Monday, April 30, 2007

Multiculturalism and domestic abuse

For those who care, I recently sent an e-mail response to Johann Hari, the Independents columnist, criticising him on a recent article:

I had recently read your article on the horrific treatment that some women who happen to be Muslim have suffered in Germany and elsewhere. The ludicrous judgement of the judge, dismissing blatant domestic abuse as"cultural" was ignorant, insulting and condescending to say the least. However, you deserve no congratulations for highlighting this issue, if that is indeed what you wished.
Firstly, you create an artificial category of "multiculturalists" who have no problem in letting off vicious wife-beaters because they happen to be Muslim. Your criticism is supposedly against these individuals, however what you are really attacking is religion, and Islam to be specific. You also criticise these religions for their treatment of homosexuals, which is fair enough. But it is an insult to the intelligence of your readers and to yourself personally, in front of those truly learned, to maintain arrogant pretensions that you know better than 1500 or 2000 year old philosophies.

It goes without saying that domestic abuse is not condoned under neither Islam nor Catholicism, regardless of deliberate attempts to misread Biblical or Quranic texts. As a writer with considerable talent who's articles I read often, I feel you have a responsibility not to peddle to anti-Muslim sentiment, and perhaps aim to build bridges rather than walls. Isn't domestic abuse a problem women suffer from in "modern" societies too? Does the justice system not fail them too sometimes for even more absurd pretences? In the eyes of both the "multiculturalists" you so strongly condemn, and yourself, the real offense about the woman being abused is that she is a Muslim, rather than the abuse itself. Rather than highlight this issue, you too have failed these women as that ignorant judge in Germany did.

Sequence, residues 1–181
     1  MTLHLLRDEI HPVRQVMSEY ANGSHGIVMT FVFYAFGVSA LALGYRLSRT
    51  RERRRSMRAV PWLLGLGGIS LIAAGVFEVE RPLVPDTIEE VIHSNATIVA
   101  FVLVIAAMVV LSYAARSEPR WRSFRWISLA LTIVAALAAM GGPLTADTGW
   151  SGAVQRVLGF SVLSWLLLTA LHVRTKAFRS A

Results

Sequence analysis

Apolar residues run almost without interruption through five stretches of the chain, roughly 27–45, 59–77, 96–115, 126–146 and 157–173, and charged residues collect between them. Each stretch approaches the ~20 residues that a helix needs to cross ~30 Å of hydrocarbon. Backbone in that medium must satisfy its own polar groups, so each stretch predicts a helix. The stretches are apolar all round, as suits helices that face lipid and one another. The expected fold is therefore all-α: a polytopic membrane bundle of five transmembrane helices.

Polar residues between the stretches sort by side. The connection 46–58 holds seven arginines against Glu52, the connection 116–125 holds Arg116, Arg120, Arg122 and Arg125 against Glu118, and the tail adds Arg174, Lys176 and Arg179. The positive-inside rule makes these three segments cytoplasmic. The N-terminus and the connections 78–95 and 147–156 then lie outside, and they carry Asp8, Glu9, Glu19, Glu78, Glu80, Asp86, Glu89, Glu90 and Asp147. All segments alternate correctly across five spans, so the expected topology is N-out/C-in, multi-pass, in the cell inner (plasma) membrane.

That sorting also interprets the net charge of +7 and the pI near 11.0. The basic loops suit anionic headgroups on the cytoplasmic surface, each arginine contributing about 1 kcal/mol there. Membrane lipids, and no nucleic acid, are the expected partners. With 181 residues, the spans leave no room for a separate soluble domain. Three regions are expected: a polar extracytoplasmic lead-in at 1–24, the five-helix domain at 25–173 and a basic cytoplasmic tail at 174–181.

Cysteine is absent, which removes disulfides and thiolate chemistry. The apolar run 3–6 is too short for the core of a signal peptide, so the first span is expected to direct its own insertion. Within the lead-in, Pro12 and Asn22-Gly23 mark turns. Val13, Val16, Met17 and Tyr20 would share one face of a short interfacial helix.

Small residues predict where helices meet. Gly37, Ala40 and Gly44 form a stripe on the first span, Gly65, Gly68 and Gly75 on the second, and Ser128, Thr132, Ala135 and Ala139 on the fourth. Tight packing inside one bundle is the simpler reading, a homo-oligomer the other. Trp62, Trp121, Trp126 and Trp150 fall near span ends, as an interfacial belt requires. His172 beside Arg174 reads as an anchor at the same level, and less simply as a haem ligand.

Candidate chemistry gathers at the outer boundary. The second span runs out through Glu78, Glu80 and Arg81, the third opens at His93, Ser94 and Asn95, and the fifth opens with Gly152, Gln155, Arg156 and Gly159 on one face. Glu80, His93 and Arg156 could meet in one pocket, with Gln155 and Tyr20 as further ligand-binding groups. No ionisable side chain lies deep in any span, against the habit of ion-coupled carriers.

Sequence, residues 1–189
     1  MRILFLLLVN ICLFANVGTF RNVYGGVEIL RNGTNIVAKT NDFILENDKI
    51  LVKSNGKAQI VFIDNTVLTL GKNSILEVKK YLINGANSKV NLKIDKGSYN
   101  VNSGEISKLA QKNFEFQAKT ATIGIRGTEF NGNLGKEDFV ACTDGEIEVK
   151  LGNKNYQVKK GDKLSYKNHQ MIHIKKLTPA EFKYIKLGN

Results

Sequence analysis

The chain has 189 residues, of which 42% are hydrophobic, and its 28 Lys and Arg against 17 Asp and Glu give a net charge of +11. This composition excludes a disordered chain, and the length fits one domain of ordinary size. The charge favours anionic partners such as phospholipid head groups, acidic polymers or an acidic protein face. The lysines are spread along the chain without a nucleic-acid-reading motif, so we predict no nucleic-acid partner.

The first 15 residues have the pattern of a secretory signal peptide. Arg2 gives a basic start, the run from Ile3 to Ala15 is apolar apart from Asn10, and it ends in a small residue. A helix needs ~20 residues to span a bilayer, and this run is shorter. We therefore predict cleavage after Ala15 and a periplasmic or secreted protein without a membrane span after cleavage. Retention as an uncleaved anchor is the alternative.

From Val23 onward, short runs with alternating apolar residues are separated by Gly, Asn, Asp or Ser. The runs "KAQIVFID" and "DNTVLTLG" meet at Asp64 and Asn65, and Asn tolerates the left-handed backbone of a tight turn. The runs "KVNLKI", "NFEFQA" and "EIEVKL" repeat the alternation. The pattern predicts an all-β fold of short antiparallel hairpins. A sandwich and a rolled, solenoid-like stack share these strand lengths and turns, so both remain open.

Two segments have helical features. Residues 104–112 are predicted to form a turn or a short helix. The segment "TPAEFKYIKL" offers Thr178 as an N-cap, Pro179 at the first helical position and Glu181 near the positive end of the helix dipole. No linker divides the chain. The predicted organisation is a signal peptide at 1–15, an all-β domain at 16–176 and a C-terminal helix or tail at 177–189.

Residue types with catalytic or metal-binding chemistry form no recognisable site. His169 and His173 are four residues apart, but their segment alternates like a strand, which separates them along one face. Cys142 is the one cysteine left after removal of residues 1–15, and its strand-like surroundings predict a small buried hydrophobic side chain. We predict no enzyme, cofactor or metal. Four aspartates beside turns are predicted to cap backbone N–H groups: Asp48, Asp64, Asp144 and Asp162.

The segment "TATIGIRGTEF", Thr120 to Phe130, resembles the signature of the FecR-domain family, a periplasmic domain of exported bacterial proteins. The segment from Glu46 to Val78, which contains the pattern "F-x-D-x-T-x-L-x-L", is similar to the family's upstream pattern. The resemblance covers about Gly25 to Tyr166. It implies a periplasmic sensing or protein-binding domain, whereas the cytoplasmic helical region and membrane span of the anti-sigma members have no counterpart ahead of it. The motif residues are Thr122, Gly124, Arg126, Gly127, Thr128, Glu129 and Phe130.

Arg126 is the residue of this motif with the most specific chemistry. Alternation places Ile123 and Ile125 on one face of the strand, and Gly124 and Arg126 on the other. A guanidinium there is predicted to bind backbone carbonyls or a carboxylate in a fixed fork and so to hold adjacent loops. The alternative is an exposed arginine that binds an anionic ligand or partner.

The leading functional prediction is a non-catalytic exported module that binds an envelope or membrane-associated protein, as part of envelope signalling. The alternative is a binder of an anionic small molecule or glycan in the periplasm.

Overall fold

Gregor said...

Hi Wassim,

I totally agree with you, that domestic abuse is a problem independent from any religion. A man, who beats his wife or his children, has to be charged on a court. I think we haven't to discuss this unacceptable judgement. But, what I missed after reading the article of Johann Hari, was that he didn't mention the great public discussion concerning this judgement. And sure, there were some extreme-right wing idiots, who were arguing that this emerges out of Islam and that they have to leave the country. (The same Idiots argues that Muslim-men knows how to treat a women.) This discussion was focused on the role of the constitution and women rights and not on Islam. It wasn't a Contra-Islam discussion, it was more Pro-Aufklärung (means: enlightenment).


Wassim said...

Hi Gregor,

Thanks for the comments but I disagree with your explanation of the article as a pro-Englightenment article. Making that assumption again highlights the point he was making, which is that his values in the argument he made are superior to the abstract representation of the Islamic religion he understands. He is mistaken in both his assumptions and again in the direction of his article, the message of which becomes confused and his argument brittle to say the least.

Gregor said...

The point, which I want to stress, is that there is a lack in this article. Johann Hari didn't mention the widespread discussion that followed this judgement. I never wanted to confirm him, I only wanted to add some information from middle-europe:

In the public discussion a lot of contributers make explained abuse with religion. Especially the extreme right (but also feminists) used this special case to argue that Islam is an evil religion and that Muslims are islamizing Europe.

There emerged also a wide discussion about integration. In this focus abuse became a problem of less integrated classes.

A few used this case to argue, that Turkey must not entry the EU.

Another focus was on the role of religion (and not only Islam) in Europe. (Is religion private or public?)

NGO's argued hat human (means: men and woman) rights must be the only criterias.

Some leftist asked themself, whether Europe need a new enlightenment, which can wash away every sign of every religion.

One can say that the discussion in Germany circled about following terms: the universalistic approach of enlightenment, the borders of the constitution and judges, woman-rights, german or european identity and integration, the islamic threat, democracy and religion, the absolute rule of law.

All this reflects a lot of the problems, with which Europe has to deal at the moment. The discussion never focused on the abuse of Nishal. Nishal was only the surface for european problems (or for created problems).


Wassim said...

:) I understand what you were saying now. Yes that's precisely why I attacked the article! Thanks Gregor!